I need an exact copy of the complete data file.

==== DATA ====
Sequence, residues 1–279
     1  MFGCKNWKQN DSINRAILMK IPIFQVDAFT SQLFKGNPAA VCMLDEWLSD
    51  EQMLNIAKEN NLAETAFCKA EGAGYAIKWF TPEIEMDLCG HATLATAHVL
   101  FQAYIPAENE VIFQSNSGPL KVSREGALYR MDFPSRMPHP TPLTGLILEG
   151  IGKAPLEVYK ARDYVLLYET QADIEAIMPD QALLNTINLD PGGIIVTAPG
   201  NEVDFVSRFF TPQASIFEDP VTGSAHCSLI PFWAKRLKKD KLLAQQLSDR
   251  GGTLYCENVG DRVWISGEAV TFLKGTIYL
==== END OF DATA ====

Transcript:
Sequence, residues 1–279
     1  MFGCKNWKQN DSINRAILMK IPIFQVDAFT SQLFKGNPAA VCMLDEWLSD
    51  EQMLNIAKEN NLAETAFCKA EGAGYAIKWF TPEIEMDLCG HATLATAHVL
   101  FQAYIPAENE VIFQSNSGPL KVSREGALYR MDFPSRMPHP TPLTGLILEG
   151  IGKAPLEVYK ARDYVLLYET QADIEAIMPD QALLNTINLD PGGIIVTAPG
   201  NEVDFVSRFF TPQASIFEDP VTGSAHCSLI PFWAKRLKKD KLLAQQLSDR
   251  GGTLYCENVG DRVWISGEAV TFLKGTIYL